Holidays On This Day

July 4th Vicksburg and Beyond

A piece of paper with a cyphered message accompanied by a small glass bottle

Independence Day is in the eye of the beholder. Meaning depends on who you are and the state of the world around you, as Frederick Douglass so piercingly noted when he declared in 1852 that “I am not included within the pale of this glorious anniversary,” of American independence. National observances, like monuments, embody far more than just the narrow definitions they may carry on their surfaces. Ask John Favill of the 57th New York Infantry. Ask William Independence Rasin. Ask the freedpeople at Davis Bend in Mississippi. 

Each of these people marked July 4th during the American Civil War, but none of them did it the same way. Some laughed at their own misfortune. Some joined the festivities for the first time. Another probably hated it altogether. 

Today we are observing July 4th again, but each one of us will do it differently, and it will mean something different to everyone. What does it mean to you? 


Half-plate ambrotype with applied color of a man, standing facing camera, looking at camera, in double-breasted uniform frock coat with three gold tinted buttons visible on subject's right side, waistocat open with three buttons visible on the right, and hankerchief handibng out of pocket on left side; shirt,with necktie and turned down collar, loose trousers with belt and round belt plate, watch chain at waist, cavalry boots, kepi, cocked to subject's right, short hair, goatee, cheeks and lips tinted pink; left arm hanging by side, right arm by side with right hand placed on the top of a spindle chair back, which is positioned to the side, plain back drop visible; oval gilt mat, embossed beading around oval; preserver stamped with foliate scroll design; gilt scrollwork in interior leather edging, embossed-leather-covered wood case with gem and foliate motif, door section of case missing, brass latch hooks intact.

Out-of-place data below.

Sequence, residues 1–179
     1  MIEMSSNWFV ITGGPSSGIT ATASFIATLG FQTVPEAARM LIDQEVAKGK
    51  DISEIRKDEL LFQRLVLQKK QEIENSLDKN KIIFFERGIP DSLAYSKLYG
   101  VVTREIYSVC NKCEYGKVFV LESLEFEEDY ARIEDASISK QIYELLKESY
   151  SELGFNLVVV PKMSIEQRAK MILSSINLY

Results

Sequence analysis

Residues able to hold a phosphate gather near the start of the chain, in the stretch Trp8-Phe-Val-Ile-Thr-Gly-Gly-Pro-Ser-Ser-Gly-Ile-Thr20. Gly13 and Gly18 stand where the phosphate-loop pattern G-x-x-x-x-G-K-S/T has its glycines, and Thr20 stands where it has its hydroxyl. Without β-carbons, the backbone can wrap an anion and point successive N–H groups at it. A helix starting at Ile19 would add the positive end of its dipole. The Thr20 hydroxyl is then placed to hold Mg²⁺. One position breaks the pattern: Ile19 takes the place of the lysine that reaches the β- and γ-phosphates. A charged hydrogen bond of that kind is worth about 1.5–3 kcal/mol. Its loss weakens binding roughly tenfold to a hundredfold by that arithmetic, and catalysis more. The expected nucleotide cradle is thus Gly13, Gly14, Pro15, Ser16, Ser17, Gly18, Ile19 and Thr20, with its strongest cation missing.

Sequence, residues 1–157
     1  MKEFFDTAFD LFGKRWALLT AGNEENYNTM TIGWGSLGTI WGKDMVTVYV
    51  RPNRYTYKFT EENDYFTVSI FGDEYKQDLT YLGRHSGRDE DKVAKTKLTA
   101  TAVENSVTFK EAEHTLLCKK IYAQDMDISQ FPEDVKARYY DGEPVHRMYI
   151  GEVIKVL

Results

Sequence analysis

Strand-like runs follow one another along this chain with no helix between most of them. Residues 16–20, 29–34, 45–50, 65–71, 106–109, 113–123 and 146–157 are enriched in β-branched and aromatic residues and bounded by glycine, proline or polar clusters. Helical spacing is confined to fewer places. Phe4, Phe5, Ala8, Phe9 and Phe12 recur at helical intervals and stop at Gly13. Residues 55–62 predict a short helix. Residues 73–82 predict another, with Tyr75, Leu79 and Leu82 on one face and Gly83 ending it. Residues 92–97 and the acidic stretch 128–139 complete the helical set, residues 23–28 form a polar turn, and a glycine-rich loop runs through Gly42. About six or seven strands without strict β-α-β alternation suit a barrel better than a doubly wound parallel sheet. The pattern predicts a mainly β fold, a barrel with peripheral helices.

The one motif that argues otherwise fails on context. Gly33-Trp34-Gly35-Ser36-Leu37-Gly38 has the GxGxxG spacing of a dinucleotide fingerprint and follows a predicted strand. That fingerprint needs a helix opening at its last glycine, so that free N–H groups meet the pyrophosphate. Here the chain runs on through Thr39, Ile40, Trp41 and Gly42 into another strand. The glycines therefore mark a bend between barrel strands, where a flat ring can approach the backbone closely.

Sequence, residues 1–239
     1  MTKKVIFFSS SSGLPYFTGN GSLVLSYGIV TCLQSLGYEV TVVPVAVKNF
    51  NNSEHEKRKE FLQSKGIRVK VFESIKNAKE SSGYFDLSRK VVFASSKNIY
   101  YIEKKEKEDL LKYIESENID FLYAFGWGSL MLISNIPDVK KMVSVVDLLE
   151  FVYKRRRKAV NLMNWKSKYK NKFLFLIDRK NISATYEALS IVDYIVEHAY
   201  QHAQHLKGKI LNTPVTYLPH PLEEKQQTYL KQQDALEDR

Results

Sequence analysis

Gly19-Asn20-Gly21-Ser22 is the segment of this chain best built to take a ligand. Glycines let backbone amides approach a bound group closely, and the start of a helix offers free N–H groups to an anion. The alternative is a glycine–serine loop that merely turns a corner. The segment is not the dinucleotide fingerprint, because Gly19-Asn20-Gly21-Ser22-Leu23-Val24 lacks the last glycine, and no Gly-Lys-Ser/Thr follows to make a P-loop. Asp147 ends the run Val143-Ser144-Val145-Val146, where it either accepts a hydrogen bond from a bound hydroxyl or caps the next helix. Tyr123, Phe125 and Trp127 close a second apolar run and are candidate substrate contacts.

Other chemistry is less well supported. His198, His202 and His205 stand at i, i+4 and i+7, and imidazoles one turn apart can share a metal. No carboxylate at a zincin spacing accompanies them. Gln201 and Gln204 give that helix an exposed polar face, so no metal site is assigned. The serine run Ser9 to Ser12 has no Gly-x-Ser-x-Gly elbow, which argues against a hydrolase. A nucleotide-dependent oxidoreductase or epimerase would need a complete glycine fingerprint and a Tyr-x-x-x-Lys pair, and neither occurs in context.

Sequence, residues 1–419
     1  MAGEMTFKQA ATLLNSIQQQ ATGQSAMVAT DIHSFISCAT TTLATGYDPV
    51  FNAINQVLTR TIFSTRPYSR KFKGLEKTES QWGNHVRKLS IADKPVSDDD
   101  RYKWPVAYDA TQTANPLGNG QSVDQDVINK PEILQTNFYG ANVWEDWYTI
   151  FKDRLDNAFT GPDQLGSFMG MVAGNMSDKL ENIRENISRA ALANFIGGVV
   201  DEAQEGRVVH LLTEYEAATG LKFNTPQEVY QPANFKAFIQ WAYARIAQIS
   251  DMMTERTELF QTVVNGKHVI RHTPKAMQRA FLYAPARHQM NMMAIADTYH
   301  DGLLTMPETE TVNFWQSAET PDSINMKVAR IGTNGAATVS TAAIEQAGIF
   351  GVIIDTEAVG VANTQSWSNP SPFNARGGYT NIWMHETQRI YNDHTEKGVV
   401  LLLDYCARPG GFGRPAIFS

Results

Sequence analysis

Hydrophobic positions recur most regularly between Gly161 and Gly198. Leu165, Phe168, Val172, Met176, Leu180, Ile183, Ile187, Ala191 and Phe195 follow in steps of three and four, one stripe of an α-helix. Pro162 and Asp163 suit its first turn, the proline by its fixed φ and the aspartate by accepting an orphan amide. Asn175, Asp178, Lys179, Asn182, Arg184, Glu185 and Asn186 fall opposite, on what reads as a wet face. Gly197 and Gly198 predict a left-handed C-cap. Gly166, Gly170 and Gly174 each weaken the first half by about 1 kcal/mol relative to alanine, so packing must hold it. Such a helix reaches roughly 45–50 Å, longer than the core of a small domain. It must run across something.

Ambrotype of William Independence Rasin – a man who took his independence seriously. (ACWM)

Starting in Maryland, 1842 

Robert Hancock, Director of Collections

The United States was not yet seventy years old when William Independence Rasin was born on July 4, 1842. By the age of eighteen, Rasin was a vocal partisan of the Southern Confederacy, and many considered this new rebellion a second war for independence, this time from the United States itself. 

Imprisoned in Missouri and his native Maryland for his secessionist sympathies, Rasin escaped to Virginia, where he recruited a company of soldiers that became part of the 1st Maryland Cavalry (Confederate). He proved a contentious Confederate, too, and was “in arrest” on unspecified charges in late 1864. Rasin’s company clashed with the enemy at Appomattox, and he refused to surrender and take the oath of allegiance to the United States: belligerently independent to the end. 


Harrison’s Landing, VA, 1862

John Coski, Historian

On the Fourth of July 1862 Major General George B. McClellan, U.S.A., issued a congratulatory message to his Army of the Potomac. “Your achievements of the last ten days have illustrated the valor and endurance of the American soldier,” he began. “Attacked by vastly superior forces, and without hope of reinforcements, you have succeeded in changing your base of operations by a flank movement, always regarded as the most hazardous of military expedients…. Your conduct ranks you among the celebrated armies of history.  No one will now question that each of you may always say with pride, ‘I belonged to the Army of the Potomac.’”